Column: The blame game
Most of us can remember a time in childhood when we were caught doing something wrong and pointed a finger at someone else for the misdeed. We might even still feel guilty about it.
Research shows blaming others doesn’t only harm the wrongfully accused; it can also harm those who blame, especially when it becomes pervasive in a culture. “Groups and organizations with a rampant culture of blame have a serious disadvantage when it comes to creativity, learning, innovation, and productive risk-taking,” according to the Harvard Business Review.
Blame culture is rampant in wildlife “management.” Throughout Canada, governments are implementing culling programs, blaming predators for declining wildlife populations, even though humans are at the root of the problem.
Nature is complex. It’s difficult to determine whether culling even works, and some studies show tampering with nature by isolating and killing one species can do more harm than good.
Yet on July 31, the Ontario government announced a 106-day fall hunt on double-crested cormorants starting September 15, allowing hunters to take 15 birds daily with no obligation to report kills and no provincial oversight of total birds killed. The hunt is likely a result of lobbying. Ontario’s cormorant management review states, “Ontario sport and commercial fishermen have expressed concerns that increasing DCCO [double-crested cormorant] numbers are having adverse effects on fish stocks and that steps should be taken to control cormorant populations.”
The same review, though, finds cormorants haven’t been the main cause of dwindling fish populations: “Historical declines in the Great Lakes fish populations that led to the DCCO control program appear to have been caused by overfishing, invasion by sea lamprey, and loss of aquatic habitat (e.g., loss of spawning grounds and contamination by pesticides and other toxic chemicals).” Clearly, an untargeted, non-localized, unmonitored approach is not a good solution to perceived problems today.
Along the Pacific Coast, seals and sea lions are often blamed for declining salmon populations. The U.S. recently granted permission for hundreds of sea lions to be killed. According to a spokesperson, Fisheries and Oceans Canada is considering similar actions here. But sea lions and seals eat dozens of other fish, including some that prey on salmon.
More than 100 marine predators eat salmon and sometimes predators become prey, depending on size. According to David Suzuki Foundation senior scientist Scott Wallace, “There are about 140 different species in the ocean that eat salmon, and we’ve chosen to highlight seals and sea lions. There’s a long history of villainizing and scapegoating seals and sea lions, but I think it’s quite short-sighted to think that we can manipulate an ecosystem to enhance a single species.”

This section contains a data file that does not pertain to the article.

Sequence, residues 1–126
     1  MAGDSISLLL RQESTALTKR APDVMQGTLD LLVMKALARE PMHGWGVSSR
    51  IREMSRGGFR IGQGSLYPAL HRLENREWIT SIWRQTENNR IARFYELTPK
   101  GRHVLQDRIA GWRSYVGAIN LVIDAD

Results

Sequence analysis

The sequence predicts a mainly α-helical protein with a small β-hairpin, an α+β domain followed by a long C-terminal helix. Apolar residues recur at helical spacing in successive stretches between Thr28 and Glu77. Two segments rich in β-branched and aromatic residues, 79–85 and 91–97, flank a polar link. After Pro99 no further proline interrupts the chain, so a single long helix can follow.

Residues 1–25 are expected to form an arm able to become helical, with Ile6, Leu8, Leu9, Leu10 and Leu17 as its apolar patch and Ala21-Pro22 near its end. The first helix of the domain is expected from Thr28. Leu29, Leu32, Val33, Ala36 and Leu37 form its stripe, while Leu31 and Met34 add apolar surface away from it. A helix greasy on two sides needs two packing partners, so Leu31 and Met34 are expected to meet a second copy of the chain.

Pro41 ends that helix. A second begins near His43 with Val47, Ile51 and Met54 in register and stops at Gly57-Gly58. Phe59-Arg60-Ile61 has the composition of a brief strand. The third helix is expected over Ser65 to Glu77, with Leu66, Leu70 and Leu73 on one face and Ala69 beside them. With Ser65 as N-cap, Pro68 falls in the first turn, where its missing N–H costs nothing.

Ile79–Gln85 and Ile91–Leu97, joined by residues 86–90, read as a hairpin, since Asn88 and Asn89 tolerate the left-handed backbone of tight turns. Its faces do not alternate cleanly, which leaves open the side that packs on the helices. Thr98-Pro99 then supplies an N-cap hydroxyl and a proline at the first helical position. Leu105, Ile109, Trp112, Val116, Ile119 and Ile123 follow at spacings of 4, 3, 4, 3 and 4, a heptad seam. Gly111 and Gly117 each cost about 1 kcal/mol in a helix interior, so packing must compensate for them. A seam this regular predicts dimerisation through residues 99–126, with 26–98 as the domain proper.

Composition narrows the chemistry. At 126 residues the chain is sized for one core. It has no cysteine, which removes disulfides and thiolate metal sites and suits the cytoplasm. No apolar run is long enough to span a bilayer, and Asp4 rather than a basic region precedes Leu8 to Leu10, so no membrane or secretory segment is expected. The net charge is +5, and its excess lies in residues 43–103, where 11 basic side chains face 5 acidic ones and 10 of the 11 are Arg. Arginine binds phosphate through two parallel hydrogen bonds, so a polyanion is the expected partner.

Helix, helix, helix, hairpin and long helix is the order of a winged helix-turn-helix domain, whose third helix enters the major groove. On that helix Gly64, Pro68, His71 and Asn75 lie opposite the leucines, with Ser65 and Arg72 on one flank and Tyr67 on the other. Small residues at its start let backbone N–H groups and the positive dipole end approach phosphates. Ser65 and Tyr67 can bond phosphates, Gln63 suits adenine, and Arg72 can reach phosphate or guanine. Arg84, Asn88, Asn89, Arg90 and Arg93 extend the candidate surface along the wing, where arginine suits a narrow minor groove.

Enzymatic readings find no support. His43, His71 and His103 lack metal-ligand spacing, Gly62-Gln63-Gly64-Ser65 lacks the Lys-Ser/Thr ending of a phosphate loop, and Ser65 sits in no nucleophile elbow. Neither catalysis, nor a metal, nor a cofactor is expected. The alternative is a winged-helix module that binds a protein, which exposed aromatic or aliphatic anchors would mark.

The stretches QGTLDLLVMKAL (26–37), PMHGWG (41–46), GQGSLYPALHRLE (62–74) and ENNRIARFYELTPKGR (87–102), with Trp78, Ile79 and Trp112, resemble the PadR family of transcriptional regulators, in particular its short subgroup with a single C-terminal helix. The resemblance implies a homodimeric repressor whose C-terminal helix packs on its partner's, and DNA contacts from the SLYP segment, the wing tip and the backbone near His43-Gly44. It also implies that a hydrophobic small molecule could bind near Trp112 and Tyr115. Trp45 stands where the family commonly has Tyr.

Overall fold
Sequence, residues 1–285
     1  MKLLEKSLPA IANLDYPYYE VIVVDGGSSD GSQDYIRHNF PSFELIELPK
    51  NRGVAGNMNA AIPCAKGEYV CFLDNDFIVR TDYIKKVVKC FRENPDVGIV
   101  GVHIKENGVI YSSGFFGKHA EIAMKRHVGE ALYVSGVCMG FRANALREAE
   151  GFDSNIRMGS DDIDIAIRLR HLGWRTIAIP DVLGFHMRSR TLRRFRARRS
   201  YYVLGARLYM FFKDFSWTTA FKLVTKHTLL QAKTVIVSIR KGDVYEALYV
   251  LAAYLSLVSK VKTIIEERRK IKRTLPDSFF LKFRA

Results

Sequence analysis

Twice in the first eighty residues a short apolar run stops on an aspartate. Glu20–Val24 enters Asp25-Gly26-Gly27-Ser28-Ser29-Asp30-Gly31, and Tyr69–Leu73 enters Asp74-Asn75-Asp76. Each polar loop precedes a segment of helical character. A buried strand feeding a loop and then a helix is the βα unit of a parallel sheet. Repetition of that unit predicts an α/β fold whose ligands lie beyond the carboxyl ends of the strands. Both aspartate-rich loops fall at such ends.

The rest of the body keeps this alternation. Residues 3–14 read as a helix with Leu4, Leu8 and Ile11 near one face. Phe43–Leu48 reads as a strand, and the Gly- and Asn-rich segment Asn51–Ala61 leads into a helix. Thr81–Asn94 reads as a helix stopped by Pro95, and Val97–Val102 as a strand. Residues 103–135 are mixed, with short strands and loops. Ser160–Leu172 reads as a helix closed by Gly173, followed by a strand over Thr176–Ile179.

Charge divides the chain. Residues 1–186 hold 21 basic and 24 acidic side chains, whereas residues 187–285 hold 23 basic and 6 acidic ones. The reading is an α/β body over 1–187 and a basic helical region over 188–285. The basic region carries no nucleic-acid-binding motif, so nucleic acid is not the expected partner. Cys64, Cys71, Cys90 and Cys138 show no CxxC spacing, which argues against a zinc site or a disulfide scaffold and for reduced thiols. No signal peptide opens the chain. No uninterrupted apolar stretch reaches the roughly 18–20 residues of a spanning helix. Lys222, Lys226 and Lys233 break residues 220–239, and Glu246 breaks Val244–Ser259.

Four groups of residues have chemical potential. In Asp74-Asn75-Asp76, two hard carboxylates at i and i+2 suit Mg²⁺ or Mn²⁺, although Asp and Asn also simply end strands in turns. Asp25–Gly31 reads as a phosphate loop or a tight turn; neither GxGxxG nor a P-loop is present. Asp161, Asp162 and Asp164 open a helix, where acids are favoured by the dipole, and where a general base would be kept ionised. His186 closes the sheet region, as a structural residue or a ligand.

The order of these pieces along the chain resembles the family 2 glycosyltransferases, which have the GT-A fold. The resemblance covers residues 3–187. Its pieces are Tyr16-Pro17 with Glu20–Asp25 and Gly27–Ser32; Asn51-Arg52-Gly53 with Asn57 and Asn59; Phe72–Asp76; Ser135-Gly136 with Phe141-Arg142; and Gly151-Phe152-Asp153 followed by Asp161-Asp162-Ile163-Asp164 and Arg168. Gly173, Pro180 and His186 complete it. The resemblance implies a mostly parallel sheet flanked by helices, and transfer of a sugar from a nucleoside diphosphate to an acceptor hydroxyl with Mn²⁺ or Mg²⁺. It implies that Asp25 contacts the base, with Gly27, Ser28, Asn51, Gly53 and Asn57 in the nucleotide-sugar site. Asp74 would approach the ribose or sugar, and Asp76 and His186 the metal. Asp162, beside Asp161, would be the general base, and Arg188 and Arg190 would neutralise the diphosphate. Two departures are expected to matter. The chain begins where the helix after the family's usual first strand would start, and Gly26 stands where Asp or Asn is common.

In Alberta and B.C., governments have sanctioned and paid to kill wolves, bears and cougars in efforts to keep imperilled caribou herds alive. Research shows these culls are having “no detectable effect” on recovering caribou. It’s true that wolves and other predators are affecting struggling caribou populations, but it’s mainly because roads and other industrial disturbances increase overall predator success by providing sightlines and travel corridors.
Industrial activity is the primary cause of boreal woodland caribou decline, but wolves and other predators are taking the hit. In Alberta, strychnine is often used to poison wolves, with impacts cascading throughout the food web.
The role of any animal within its ecological niche is far more complicated than the single predator-prey interaction that culling purportedly tries to control. Cormorants and other birds eat fish, but scientists say that, globally, bird excrement provides nutrients for coral reefs, which close to one-quarter of ocean fish depend on to survive.
Our blame game is growing tired. It’s preventing the creativity and innovation that allows us to recognize nature’s complexity. In a September 1 open letter to Ontario’s environment minister, 51 scientists called for a “science-based, detailed and peer-reviewed approach” to address cormorant stewardship.
Humans need to recognize when we’re failing to effectively “manage” the natural world that supports us — when our actions are harming or destroying ecosystems and need to be rethought. We must grow up, take responsibility and stop scapegoating other species for our mistakes.
Wildlife has co-existed for thousands of years, predators and prey each playing their part in a complex, symbiotic dance. It’s our actions that are out of step.
David Suzuki is a scientist, broadcaster, author and co-founder of the David Suzuki Foundation. Written with contributions from David Suzuki Foundation Boreal Project Manager Rachel Plotkin.